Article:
Barrett’s great nephew, 72-year-old Joe Binter, said he and at least two other distant relatives of his great uncle’s are planning to attend.
“It just makes me feel happy to lay him to rest near his family,” said Binter, who lives in Denver.
He said he was aware that Barrett had died in the Pearl Harbor attack. But he didn’t know much else until the Navy contacted him last fall after his great-uncle’s remains had been identified. His family photo albums and letters contained little information.
“I know his family would be happy for him to be buried near them,” Binter said.
Barrett was born in El Dorado on April 9, 1915, to Maynard and Nora Barrett. He was the youngest of three. He enlisted in the U.S. Navy in May 1940 at age 25, saying he wanted to learn a trade.
“That’s what so many sailors do today, they want to learn how to do something,” Stevens said.
He traveled to the Pacific, hoping for adventure, King said.
But he was dead within a year and a half.
Barrett was aboard the USS Oklahoma when Japanese airplanes carried out a surprise attack on the naval base at Pearl Harbor in Honolulu, Hawaii, on Dec. 7, 1941. The ship sat in berth F-5 of Battleship Row when the strike started shortly before 8 a.m.
Within minutes, it took three torpedo hits. Six more struck the ship before it sank.
The ship capsized, trapping many of the crewmen, in less than 12 minutes. A total of 2,402 Americans died in the Pearl Harbor attack; 429 were crew members of the USS Oklahoma.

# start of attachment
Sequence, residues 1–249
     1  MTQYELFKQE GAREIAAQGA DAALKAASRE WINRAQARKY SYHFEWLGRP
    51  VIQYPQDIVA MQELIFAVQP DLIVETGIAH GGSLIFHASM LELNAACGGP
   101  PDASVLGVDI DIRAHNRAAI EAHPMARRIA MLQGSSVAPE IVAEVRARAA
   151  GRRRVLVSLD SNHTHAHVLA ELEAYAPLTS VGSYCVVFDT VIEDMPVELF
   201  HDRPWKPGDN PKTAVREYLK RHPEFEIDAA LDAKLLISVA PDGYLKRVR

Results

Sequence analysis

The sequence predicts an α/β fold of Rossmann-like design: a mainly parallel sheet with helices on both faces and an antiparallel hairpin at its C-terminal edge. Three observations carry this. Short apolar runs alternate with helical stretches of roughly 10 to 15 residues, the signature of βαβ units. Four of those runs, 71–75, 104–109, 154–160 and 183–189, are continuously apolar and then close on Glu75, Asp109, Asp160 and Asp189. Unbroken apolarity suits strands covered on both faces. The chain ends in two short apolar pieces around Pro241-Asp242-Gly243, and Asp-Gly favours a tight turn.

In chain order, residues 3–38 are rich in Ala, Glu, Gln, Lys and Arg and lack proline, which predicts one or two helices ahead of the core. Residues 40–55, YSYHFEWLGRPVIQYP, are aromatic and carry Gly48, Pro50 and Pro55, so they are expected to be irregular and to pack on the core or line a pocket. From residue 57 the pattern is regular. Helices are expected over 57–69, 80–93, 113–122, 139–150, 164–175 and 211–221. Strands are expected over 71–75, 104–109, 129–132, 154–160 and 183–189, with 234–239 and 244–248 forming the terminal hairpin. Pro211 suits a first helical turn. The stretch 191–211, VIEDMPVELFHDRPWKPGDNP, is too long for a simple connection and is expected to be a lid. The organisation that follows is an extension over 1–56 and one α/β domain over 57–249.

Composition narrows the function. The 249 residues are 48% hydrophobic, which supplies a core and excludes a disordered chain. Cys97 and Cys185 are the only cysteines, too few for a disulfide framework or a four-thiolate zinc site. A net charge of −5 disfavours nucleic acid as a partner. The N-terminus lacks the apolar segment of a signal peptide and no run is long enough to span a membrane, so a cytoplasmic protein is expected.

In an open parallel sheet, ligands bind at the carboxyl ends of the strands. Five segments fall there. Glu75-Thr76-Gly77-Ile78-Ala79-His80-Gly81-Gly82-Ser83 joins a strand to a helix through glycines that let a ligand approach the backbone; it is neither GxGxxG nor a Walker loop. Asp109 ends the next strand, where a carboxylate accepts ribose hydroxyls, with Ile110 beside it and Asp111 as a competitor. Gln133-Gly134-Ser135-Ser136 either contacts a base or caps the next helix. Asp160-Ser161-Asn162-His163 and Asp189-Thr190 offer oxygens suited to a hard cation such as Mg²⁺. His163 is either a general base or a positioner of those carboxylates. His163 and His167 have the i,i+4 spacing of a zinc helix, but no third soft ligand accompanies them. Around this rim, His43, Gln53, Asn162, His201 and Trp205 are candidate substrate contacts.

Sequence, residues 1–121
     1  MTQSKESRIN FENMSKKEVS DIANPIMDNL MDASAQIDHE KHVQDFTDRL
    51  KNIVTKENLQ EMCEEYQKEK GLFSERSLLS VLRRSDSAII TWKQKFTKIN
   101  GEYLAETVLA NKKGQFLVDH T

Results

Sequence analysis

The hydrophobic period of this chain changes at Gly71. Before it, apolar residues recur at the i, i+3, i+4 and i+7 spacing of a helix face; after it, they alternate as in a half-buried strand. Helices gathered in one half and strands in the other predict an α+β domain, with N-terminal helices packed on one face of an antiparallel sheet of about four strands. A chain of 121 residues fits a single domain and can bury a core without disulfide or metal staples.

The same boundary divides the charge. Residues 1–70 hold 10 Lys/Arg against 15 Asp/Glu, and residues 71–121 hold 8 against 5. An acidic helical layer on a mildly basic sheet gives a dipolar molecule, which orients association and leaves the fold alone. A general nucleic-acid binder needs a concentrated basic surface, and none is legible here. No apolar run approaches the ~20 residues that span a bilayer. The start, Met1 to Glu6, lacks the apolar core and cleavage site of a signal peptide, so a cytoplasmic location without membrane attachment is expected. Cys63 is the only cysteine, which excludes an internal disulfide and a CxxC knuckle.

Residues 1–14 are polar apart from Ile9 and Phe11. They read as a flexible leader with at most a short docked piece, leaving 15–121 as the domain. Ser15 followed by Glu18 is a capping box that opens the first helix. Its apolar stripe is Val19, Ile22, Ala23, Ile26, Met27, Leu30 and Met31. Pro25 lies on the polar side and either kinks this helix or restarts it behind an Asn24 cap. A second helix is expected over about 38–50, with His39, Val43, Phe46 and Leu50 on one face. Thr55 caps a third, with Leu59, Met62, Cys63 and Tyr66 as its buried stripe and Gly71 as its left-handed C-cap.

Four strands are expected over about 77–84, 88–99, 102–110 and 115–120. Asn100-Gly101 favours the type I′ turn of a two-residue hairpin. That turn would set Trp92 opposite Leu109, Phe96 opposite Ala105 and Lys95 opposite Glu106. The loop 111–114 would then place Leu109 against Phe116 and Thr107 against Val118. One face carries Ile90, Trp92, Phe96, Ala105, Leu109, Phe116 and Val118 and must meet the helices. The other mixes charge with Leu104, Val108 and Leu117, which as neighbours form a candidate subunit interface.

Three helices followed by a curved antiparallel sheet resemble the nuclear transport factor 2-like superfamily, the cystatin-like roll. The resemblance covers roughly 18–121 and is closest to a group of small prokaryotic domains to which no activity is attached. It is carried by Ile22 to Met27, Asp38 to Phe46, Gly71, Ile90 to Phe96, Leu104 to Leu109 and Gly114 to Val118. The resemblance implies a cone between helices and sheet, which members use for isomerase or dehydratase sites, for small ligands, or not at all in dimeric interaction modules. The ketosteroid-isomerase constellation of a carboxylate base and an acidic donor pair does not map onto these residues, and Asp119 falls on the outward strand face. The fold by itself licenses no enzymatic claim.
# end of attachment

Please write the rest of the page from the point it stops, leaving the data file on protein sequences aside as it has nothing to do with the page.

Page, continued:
Barrett, then 26, went to the bottom of the harbor floor with the ship.
“He was going about his normal morning routine and then all of a sudden, like life and 380 sailors on USS Oklahoma and really everyone’s lives in America changed in just a few short minutes,” Stevens said.
“Seaman Barrett went to work just like any other day, not expecting what tragedy was going to come before him, just like Sept. 11,” King said.
Like so many of his fellow crewmen, Barrett’s body couldn’t be immediately identified following military efforts to right the ship and recover remains from December 1941 to June 1944. The dead were buried as unknown in Halawa and Nu’uanu Cemeteries in Hawaii. Efforts in 1947 to disinter and return the remains of the USS Oklahoma’s crew members to their families yielded only positive identities of 32 sailors and three Marines.